Per- and Polyfluoroalkyl Substances

Per- and polyfluoroalkyl substances (PFAS) are a group of manmade chemicals that have been manufactured and used in a variety of industries around the world since the 1940s. These chemicals don’t break down and accumulate over time both in the environment and the human body, and there is evidence that exposure to PFAS can lead to adverse human health effects. PFAS can be found in food, commercial household products, drinking water, and consumable living organisms such as fish and livestock. Certain PFAS chemicals are no longer manufactured in the United States as the result of phase outs; however, they are still produced internationally and can be imported in consumer goods such as carpet, leather and apparel, textiles, paper and packaging, coatings, rubbers, and plastics. 

Most people have been exposed to PFAS, and certain PFAS can accumulate and stay in the body for long periods of time. Studies indicate that PFAS can cause reproductive and developmental, kidney and liver, and immunological effects in laboratory animals. These chemicals have also caused tumors in animals. The most consistent findings among exposed populations are increased cholesterol levels.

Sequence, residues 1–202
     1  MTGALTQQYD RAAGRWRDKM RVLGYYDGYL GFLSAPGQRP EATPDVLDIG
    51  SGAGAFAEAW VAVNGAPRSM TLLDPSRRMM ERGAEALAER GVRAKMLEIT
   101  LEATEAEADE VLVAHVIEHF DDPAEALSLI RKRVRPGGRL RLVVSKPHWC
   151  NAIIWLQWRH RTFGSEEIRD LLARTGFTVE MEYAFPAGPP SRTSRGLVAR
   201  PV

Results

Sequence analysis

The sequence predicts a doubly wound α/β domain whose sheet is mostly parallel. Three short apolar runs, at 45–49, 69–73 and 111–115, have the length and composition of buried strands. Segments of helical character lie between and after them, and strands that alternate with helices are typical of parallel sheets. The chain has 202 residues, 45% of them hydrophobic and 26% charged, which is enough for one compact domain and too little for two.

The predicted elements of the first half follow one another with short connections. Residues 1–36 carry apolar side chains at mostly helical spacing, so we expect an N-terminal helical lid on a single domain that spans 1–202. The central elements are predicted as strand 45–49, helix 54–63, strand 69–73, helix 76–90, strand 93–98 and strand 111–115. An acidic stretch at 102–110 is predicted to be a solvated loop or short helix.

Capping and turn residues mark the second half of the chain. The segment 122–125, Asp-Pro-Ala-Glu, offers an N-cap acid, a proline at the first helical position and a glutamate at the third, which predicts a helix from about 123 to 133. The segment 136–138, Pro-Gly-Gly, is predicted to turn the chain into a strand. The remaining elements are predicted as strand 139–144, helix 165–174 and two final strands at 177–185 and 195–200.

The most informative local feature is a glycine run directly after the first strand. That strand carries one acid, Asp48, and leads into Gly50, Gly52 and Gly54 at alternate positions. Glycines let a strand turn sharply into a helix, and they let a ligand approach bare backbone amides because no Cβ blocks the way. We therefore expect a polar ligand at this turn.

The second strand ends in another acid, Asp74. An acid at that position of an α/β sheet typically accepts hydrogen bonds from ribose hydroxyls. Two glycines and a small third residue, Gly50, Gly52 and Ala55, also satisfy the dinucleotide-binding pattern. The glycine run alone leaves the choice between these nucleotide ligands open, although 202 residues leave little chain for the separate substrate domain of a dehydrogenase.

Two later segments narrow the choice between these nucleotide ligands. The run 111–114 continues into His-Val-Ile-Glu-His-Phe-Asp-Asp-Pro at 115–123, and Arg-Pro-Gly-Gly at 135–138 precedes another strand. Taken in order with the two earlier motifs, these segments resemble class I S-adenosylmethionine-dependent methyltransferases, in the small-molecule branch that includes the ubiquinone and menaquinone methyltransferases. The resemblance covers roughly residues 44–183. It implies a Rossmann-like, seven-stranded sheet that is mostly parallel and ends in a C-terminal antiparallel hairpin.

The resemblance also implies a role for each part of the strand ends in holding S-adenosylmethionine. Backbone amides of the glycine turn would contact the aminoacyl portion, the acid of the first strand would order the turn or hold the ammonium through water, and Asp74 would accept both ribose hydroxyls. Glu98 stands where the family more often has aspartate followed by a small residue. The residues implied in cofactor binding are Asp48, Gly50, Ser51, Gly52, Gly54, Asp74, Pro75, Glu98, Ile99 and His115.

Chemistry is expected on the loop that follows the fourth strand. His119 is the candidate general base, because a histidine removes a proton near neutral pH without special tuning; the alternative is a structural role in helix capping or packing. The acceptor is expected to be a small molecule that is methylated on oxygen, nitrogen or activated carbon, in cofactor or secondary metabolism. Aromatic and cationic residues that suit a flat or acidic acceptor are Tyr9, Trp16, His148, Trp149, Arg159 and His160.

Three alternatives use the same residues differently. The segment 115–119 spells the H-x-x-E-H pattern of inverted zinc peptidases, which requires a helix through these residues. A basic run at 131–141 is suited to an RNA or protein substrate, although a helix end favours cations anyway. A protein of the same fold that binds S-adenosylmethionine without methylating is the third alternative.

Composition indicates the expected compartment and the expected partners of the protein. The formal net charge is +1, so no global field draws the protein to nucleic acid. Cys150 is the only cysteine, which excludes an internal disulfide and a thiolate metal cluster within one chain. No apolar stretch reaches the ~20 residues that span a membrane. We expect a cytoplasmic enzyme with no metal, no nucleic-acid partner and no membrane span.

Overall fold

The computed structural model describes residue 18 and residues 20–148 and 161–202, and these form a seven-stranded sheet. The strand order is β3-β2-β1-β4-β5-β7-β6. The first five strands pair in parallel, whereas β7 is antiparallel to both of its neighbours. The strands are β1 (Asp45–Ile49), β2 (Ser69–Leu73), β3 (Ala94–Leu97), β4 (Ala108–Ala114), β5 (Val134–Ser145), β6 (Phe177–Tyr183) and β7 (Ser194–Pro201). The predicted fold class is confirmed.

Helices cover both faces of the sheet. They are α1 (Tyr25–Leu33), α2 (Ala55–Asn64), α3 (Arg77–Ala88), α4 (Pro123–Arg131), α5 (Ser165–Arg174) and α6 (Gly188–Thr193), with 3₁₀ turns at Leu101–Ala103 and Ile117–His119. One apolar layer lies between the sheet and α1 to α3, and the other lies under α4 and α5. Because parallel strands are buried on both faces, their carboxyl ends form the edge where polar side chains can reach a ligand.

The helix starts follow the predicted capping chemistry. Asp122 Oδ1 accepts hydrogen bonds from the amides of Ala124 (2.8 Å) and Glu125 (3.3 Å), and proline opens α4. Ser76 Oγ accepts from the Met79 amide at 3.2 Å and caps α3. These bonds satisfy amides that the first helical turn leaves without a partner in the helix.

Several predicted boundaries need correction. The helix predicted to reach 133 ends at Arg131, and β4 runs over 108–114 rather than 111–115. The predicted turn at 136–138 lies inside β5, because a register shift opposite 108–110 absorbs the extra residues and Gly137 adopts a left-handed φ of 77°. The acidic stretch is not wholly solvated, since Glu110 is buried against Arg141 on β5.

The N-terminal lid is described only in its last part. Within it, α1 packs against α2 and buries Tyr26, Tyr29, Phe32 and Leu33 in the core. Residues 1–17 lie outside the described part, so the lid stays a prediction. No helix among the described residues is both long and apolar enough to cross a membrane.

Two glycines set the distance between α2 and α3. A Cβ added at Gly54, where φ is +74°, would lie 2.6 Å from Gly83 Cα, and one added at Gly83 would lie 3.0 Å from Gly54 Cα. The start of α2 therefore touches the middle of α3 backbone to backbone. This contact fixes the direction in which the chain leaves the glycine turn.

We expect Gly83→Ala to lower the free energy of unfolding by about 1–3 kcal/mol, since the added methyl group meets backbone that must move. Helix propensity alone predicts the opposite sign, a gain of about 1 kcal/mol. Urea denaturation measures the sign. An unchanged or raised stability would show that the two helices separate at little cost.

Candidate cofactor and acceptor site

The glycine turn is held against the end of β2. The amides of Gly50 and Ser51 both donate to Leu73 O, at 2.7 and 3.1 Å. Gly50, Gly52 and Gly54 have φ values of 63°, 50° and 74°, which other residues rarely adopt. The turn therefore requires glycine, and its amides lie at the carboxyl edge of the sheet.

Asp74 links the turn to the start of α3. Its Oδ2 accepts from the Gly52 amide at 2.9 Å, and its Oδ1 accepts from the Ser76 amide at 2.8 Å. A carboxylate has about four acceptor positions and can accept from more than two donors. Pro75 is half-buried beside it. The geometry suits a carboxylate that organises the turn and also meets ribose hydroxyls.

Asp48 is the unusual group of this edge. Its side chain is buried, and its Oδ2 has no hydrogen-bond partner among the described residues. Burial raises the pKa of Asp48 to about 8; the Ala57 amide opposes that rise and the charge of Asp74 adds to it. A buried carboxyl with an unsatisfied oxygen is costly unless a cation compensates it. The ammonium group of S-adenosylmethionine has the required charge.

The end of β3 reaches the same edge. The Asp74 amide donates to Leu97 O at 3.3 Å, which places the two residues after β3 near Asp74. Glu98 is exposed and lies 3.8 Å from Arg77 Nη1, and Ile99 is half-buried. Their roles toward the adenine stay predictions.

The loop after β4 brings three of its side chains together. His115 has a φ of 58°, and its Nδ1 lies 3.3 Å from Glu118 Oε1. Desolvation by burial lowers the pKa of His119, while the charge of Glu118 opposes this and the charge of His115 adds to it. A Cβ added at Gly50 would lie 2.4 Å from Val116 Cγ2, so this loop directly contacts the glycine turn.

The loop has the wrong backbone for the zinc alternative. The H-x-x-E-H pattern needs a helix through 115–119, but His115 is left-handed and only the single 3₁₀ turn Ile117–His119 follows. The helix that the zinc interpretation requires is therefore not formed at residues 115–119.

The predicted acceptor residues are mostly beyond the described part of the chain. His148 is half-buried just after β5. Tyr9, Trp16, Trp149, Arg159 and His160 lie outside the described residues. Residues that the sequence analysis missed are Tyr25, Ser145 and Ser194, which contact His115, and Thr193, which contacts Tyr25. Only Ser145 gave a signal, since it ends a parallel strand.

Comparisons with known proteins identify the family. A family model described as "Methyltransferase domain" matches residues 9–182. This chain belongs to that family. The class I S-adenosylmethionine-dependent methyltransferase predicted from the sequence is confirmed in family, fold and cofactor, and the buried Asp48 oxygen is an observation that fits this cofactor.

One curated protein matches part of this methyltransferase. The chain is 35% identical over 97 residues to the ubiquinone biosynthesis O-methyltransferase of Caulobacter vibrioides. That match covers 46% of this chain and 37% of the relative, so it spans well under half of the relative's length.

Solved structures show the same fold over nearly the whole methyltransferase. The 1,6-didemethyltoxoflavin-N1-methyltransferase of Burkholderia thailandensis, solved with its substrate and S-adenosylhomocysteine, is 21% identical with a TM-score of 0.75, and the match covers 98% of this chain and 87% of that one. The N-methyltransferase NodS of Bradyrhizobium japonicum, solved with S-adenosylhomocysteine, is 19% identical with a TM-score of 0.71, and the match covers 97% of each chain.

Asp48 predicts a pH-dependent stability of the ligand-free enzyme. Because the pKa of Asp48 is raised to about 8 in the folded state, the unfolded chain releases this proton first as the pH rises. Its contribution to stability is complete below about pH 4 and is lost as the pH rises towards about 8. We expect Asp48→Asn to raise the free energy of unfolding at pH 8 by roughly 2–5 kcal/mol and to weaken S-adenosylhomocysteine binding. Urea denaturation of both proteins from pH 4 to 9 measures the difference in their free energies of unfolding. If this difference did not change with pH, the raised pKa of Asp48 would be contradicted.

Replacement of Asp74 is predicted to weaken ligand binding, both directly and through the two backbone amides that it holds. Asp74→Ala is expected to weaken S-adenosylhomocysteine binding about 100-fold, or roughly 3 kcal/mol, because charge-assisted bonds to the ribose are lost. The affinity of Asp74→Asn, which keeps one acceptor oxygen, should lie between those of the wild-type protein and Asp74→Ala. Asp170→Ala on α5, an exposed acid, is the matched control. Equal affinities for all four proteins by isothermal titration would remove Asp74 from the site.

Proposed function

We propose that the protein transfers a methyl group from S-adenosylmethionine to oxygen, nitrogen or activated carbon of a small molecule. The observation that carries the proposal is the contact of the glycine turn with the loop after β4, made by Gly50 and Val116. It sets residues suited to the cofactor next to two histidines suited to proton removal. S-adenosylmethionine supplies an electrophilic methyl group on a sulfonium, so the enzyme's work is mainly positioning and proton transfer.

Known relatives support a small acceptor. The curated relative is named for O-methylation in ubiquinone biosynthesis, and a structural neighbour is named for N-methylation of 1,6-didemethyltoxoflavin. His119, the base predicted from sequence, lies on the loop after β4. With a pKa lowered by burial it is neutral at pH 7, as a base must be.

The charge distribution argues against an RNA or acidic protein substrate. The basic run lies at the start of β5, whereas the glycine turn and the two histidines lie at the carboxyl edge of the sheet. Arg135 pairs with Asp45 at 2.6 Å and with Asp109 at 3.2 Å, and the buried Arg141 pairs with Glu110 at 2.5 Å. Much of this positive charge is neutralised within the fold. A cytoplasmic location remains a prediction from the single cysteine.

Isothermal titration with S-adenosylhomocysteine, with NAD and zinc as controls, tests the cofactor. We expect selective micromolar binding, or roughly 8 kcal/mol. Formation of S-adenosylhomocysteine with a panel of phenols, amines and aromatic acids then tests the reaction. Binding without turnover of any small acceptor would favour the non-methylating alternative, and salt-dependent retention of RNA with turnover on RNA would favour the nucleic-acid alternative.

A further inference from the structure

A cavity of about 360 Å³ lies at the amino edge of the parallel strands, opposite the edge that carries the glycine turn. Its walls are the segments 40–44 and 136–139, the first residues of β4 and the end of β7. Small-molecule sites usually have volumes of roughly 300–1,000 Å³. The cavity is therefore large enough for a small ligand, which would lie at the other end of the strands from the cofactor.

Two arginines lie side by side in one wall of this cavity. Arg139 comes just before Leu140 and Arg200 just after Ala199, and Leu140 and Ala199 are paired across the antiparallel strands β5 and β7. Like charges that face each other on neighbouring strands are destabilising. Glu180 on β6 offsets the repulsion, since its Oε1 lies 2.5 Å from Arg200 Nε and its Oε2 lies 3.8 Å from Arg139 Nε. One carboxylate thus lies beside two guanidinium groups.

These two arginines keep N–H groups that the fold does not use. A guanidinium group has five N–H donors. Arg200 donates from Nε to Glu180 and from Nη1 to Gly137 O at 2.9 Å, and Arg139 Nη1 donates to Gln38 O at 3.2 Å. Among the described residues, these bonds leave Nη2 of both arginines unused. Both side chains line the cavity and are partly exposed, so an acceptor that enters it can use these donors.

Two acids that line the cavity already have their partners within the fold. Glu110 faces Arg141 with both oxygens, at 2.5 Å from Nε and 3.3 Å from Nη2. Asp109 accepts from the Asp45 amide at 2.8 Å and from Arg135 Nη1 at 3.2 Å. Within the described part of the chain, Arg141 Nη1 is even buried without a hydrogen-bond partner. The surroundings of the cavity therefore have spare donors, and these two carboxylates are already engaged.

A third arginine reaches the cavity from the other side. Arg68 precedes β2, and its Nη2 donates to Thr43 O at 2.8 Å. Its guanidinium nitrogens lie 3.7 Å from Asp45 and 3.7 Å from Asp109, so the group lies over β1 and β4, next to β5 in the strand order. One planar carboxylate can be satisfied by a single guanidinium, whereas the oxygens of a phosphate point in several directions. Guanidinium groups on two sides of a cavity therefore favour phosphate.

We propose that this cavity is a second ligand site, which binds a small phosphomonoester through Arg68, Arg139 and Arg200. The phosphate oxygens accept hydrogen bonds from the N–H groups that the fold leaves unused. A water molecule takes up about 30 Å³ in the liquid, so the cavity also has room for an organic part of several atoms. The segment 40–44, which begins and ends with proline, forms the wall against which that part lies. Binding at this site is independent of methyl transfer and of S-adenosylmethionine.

There is currently no maximum contaminant level (MCL) for PFAS in drinking  water. An MCL is traditionally developed by the US Environmental Protection Agency; however, the Illinois Environmental Protection Agency (IEPA) has started to conduct statewide sampling and analysis to determine the prevalence of PFAS in drinking water. The IEPA started with community water systems that utilize groundwater because of the prevalence of PFAS in surrounding states' drinking water. The IEPA’s sample analysis included a total of 18 PFAS chemicals and none of these chemicals were detected in the Village’s finished water at concentrations greater than or equal to minimum reporting levels. These outstanding results are largely due to the locations of the Village’s wells and the reverse osmosis treatment method.